Just a week ago, I thought it was all over. Christmas and New Year had gone, as had the passionate calls for the stamp duty holiday to be extended.
Those calls had provided me with many stories in the build up to the festive season but surely, by the time January rolled around, it would be difficult for the pleas to continue - if Sunak was going to do it, he’d have done it by now.
But then something changed: Lockdown 3. And with that, three new reasons emerged as to why the Chancellor may yet extend the March 31 deadline.
Firstly, more people are working from home - again.
Office for National Statistics data shows that in April 2020, 46.6 per cent of all those in employment did at least some work from home. That reduced significantly over the rest of the year, down to below 30 per cent by December.
But now Lockdown 3 is set to take the working-from-home percentage to over 40 again, with office-based staff (conveyancers and planners for example) first in line for working from home, especially if schools are closed and they have to keep an eye on the kids.
Employment studies suggest that while individual productivity often improves amongst home-workers, so-called chain activities - where one person passes on data to another person as part of the work process - slows down. And that, of course, is why transactions can slow down, making the cliff-edge deadline of the stamp duty holiday a real problem.
Secondly, there’s the question of fairness.
People have quite reasonably done their bit - buying, selling, conveyancing, searching - in the reasonable expectation of meeting the March 31 deadline. But if lockdown leads to them missing the deadline, why should they suddenly be on the wrong side of it?
London agent and former RICS guru Jeremy Leaf got it right, saying: “The new lockdown will have some impact on surveyors, removals firms etc and in the circumstances, it would be prudent for the Chancellor to reconsider the stamp duty deadline. Those who have moved heaven and earth to meet the deadline should not now be penalised if they miss it through no fault of their own.”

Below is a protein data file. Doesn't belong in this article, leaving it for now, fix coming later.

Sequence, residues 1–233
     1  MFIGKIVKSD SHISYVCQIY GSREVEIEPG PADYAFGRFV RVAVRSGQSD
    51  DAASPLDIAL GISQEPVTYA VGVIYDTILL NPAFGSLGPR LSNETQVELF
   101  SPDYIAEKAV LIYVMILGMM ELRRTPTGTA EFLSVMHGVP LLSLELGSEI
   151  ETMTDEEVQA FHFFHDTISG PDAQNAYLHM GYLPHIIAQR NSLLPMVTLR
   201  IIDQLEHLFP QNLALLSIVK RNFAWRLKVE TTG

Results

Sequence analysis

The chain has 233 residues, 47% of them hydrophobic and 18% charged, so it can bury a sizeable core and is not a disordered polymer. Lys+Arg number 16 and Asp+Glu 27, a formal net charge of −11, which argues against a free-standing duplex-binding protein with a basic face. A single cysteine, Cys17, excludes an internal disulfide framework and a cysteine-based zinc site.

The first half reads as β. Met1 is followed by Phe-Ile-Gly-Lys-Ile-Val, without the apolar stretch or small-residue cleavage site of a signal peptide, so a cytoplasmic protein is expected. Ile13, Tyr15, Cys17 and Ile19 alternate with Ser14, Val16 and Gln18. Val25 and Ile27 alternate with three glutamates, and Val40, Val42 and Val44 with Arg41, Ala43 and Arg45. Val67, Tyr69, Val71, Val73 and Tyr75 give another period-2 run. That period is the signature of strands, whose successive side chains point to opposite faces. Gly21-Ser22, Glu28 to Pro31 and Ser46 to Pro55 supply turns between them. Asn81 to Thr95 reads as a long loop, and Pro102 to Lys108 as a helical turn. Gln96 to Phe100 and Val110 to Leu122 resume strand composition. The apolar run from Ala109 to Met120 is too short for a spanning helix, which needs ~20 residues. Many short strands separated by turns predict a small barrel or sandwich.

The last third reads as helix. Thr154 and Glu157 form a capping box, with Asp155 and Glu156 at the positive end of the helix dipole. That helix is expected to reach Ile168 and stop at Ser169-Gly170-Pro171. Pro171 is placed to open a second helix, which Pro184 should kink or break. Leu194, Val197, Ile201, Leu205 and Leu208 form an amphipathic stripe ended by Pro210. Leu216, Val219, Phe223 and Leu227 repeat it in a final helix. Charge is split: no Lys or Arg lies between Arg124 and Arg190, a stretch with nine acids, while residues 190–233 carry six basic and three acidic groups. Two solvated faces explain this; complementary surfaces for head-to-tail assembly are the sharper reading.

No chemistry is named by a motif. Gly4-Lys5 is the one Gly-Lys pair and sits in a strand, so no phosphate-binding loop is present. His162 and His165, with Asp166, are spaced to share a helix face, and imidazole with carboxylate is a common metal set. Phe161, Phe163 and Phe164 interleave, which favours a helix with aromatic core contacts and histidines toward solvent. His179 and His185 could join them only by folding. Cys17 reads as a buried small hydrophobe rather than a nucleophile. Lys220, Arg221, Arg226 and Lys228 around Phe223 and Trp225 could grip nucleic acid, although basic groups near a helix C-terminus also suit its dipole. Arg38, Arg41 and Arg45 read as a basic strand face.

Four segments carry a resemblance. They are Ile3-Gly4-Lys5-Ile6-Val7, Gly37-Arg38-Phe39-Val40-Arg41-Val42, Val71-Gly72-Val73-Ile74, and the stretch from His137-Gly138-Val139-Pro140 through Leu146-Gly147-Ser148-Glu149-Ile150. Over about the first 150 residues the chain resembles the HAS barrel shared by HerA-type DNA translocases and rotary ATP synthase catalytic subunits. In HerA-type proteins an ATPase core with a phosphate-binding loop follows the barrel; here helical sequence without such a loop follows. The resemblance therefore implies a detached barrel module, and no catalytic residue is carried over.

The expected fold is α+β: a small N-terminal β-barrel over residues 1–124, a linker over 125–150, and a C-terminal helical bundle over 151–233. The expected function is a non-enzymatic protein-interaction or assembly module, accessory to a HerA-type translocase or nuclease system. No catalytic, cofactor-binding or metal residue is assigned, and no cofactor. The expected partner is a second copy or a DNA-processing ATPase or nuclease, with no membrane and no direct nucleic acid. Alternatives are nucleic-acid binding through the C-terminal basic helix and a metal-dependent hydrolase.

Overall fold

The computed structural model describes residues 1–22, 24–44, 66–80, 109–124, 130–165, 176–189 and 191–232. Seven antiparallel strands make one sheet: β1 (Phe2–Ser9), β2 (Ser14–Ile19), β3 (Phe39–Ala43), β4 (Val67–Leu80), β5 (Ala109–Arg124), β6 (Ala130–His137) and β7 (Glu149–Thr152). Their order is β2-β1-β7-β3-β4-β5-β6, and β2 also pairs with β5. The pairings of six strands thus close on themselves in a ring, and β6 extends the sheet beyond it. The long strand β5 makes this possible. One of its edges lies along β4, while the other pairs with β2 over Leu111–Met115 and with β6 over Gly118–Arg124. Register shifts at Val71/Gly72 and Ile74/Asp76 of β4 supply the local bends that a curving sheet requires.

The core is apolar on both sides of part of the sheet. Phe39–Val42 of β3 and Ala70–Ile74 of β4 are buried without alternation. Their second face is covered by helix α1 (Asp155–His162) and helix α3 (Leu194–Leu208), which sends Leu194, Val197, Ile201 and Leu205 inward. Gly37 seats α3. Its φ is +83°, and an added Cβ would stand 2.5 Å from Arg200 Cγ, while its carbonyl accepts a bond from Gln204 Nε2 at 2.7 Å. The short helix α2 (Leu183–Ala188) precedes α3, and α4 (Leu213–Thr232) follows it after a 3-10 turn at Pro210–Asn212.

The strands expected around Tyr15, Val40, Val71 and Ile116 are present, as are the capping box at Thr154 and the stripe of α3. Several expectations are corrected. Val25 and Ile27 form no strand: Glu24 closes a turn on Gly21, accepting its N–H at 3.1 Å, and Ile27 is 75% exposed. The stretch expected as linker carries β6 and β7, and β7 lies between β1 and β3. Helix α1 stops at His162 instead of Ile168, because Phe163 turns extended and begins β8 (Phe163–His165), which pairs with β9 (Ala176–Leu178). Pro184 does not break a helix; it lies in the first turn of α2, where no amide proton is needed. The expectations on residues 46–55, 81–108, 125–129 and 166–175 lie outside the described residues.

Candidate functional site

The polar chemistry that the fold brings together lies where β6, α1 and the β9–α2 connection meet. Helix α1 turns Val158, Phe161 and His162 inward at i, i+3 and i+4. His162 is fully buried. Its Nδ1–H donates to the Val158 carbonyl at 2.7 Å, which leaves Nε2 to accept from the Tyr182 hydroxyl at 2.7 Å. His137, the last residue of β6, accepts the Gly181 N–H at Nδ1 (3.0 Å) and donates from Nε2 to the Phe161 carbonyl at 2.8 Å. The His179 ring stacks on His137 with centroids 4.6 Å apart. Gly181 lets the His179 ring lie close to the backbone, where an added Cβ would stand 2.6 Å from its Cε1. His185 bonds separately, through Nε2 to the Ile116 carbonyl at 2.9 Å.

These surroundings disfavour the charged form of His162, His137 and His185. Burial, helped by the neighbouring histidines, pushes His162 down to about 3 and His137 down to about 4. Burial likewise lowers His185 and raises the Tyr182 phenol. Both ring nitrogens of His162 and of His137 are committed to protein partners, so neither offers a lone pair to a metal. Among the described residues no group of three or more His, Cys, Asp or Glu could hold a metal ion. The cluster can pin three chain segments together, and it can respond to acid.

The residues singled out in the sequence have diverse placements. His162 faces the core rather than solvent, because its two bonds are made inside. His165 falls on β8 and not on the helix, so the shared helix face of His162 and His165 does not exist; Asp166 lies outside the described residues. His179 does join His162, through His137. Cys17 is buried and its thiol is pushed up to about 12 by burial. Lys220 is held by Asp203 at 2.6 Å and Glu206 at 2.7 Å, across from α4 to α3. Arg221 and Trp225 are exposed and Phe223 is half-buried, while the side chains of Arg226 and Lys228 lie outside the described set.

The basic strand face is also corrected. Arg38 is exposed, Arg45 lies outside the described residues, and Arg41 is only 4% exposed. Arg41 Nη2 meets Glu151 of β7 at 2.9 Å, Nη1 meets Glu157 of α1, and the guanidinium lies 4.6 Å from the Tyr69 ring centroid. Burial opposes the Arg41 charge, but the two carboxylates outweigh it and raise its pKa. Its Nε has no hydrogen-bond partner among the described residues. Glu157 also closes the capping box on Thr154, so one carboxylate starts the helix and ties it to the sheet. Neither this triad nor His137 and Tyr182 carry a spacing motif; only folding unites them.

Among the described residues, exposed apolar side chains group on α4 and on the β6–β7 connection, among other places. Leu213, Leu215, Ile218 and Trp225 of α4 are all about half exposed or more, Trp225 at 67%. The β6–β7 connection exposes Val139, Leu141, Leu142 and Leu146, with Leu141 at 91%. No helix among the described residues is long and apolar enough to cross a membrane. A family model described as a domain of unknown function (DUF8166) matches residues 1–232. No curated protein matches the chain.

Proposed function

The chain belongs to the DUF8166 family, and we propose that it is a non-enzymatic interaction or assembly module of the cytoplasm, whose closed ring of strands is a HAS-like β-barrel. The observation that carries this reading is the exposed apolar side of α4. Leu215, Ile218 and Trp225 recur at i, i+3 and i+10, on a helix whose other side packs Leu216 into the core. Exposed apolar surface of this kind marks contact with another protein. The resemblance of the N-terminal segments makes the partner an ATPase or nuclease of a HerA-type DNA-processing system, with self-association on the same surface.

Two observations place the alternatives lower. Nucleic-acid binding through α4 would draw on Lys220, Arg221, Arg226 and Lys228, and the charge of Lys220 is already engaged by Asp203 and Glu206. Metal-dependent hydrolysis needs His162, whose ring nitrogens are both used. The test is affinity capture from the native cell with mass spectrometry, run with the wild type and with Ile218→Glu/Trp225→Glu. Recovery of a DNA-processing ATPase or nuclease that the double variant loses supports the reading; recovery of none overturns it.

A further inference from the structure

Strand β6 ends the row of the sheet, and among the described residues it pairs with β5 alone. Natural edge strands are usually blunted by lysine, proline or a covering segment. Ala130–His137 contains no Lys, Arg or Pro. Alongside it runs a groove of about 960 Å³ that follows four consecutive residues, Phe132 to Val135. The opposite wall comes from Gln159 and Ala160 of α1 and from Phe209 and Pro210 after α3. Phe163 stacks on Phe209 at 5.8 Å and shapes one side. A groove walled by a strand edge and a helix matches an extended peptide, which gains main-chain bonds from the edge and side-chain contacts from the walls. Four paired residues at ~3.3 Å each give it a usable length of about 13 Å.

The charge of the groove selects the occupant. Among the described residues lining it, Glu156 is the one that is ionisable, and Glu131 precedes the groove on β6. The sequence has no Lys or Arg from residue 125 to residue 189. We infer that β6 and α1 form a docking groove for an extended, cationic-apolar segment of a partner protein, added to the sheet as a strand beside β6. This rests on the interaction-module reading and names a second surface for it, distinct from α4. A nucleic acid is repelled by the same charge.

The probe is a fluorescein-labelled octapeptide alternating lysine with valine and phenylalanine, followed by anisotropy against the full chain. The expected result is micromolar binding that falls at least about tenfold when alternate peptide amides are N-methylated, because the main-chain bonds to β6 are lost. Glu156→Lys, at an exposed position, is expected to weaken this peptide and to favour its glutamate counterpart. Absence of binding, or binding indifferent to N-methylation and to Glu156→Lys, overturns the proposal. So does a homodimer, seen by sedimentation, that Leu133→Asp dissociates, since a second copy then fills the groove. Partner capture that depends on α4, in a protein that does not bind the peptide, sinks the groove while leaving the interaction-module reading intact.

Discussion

So what about a tapered finish to the holiday? Let’s say if anyone has accepted a mortgage offer by March 31, they should be able to complete their purchase and take advantage of the SDLT holiday. That would be fair, without encouraging more and more buyers.
Thirdly, there’s cheerfulness and image.
Does Rishi Sunak - with a carefully cultivated persona of being efficient and a financial saviour during this most unpredictable and worrying of times - want to appear downright mean and unfair to the thousands of buyers whose transactions fall foul of the cliff-edge?
George Franks, another London agent, puts his finger on it: “Extending the stamp duty holiday is a way for the government to give people something to cheer about when there’s so little to cheer about, as public sentiment and the property market are closely related.”
Not everyone will buy that £15,000 off a home costing, say, £450,000 is the definition of cheerfulness. For sure, The Guardian would say it’s the well-off making the well-off feel better. But a simple phased extension would make sure no existing committed buyer misses out - and the result? Happiness, at least in the short-term.
So I’ve changed my mind. I’ve been persuaded that arguing for a stamp duty extension is no longer flogging that dead horse - to mix metaphors, I’d say the idea still has legs.
Here’s one way to push the Chancellor a little more - by signing this petition.
Let’s talk about this again in the next few weeks, and see if Sunak changes his mind, too.
*Editor of Estate Agent Today, Letting Agent Today and Landlord Today, Graham can be found tweeting about all things property at @PropertyJourn